The Canon Pixma Pro-200 is by some distance the largest printer I've ever had in my home. Aimed at 'photography hobbyists' and 'aspiring professionals', it's labelled an entry-level model in Canon's professional photo-printer lineup, but after living with it for several weeks, I can confirm there's precious little 'entry-level' about this fantastic printer.
With the Pro-200 already featured on Creative Bloq as one of the best art printers around, I got a loan unit from the maker to do a full test and review and confirm whether it still belonged on that list. In my time with the printer, I used it to print glossy photos, matte artwork, rich, complex nature scenes and abstract geometric shapes. Also seeing how it fits into a professional working person's life, I used it to print regular documents, including text documents, forms and more.
Design & setup
Like most printers, the Canon Pixma Pro-200 is a big block of plastic casing around the printer mechanism. However, the front has rounded corners and 'cuts' the top edge to make it look a little sleeker than most printers I've had in my house until now. While it looks bulky, it's relatively lightweight and was easy to extract from the product box and onto the side table next to my desk.
The printer has a menu display, a 3-inch LCD screen through which you set up the printer, following the instructions on there along with setting up the connection via your computer. The menu screen, angled to face up to eye level, is easy to navigate, and through it you can also select exactly which type of paper you're feeding into it at any time to get the most out of every print. Setting up the printer was free of any complications, dropped connections and general emotional torment, which I can tell you is extremely rare in my 30-year relationship with printers.
There are two feed trays at the back, an automatic feed tray at the top and back, and a slightly concealed manual feed tray behind and beneath the automatic one. Both are easy to reach, they both have tall enough back supports to hold a piece of A3+ paper without me having to guide it along like a toddler on a bicycle, and both gripped onto the paper fed into them without a fuss.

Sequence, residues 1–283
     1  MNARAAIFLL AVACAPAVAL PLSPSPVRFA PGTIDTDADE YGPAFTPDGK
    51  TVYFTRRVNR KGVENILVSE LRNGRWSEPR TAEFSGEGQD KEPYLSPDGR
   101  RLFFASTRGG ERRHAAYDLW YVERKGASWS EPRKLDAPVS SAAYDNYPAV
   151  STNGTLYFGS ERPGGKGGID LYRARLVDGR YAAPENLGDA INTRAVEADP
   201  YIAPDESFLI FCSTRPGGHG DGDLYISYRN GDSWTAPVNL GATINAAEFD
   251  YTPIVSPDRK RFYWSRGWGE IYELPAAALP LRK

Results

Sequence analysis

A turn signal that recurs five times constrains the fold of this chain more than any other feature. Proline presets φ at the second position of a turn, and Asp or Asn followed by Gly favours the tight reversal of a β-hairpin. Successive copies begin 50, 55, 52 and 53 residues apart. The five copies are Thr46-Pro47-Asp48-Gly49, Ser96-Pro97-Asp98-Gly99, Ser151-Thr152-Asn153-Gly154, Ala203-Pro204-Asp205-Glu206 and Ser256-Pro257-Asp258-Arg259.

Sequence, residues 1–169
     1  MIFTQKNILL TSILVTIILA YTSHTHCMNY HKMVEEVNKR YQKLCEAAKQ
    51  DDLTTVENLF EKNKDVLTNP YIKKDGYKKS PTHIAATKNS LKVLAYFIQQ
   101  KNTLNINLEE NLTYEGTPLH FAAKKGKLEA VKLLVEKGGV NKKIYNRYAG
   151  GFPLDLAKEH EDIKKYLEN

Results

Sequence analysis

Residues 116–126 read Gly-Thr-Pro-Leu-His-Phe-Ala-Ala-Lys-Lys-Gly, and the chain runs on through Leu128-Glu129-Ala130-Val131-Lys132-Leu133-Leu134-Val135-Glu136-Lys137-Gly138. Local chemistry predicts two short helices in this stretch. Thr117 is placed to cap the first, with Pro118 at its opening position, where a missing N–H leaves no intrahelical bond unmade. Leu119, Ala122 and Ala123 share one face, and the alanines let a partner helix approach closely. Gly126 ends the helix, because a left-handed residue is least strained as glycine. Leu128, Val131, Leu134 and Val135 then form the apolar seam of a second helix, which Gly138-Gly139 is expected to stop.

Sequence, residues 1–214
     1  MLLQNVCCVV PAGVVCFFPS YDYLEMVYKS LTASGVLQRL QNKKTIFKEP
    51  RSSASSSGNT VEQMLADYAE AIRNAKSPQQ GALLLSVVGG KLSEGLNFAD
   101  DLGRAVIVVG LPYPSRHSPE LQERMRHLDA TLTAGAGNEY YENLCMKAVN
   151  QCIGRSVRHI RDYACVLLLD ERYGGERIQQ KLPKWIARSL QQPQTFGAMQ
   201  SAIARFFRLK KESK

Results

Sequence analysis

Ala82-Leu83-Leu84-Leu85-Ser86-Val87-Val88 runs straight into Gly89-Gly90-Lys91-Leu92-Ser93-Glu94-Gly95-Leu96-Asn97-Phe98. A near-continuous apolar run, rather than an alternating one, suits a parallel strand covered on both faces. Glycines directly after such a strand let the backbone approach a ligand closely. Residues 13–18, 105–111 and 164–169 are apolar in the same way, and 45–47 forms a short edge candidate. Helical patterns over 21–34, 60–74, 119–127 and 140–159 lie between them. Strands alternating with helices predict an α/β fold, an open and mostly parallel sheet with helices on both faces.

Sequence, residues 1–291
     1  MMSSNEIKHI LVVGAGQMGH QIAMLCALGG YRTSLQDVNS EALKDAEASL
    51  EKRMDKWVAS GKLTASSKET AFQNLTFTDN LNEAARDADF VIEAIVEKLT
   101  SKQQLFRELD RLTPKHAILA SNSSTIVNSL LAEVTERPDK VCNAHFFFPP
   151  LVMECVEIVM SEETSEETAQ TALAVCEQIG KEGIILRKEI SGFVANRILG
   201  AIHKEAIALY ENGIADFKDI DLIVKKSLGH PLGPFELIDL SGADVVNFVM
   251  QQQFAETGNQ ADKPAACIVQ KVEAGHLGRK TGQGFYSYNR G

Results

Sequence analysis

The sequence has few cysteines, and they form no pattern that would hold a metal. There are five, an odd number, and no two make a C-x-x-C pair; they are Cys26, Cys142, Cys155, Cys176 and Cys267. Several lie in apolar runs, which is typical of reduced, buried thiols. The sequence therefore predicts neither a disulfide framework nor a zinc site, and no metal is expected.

There is also a third tray you might not notice; I certainly didn't at first. A 'multipurpose' tray is placed underneath the front, which you can feed with printable nail stickers (NL-101) and printable disks.
Replacing the dye-based ink cartridges, of which there are eight, was straightforward enough, with the large front lid opening wide to make access to the innards nice and easy.
As a professional photo printer, The Pro-200 is designed to give you great photos, images and art on various different types of paper. There are around a dozen different paper presets programmed into the printer, from plain paper, through various glossy and matte photo and art papers to fabric transfers. Each mode will change the nature and amount of ink used to suit the paper being used.
It's a wireless printer that works via your wifi network (not Bluetooth), but a wired USB-B connection is also available. It's compatible with both Windows, Mac and Chrome operating systems, and you can also connect to the Pro-200 using Airprint or the Android Canon Print Service app.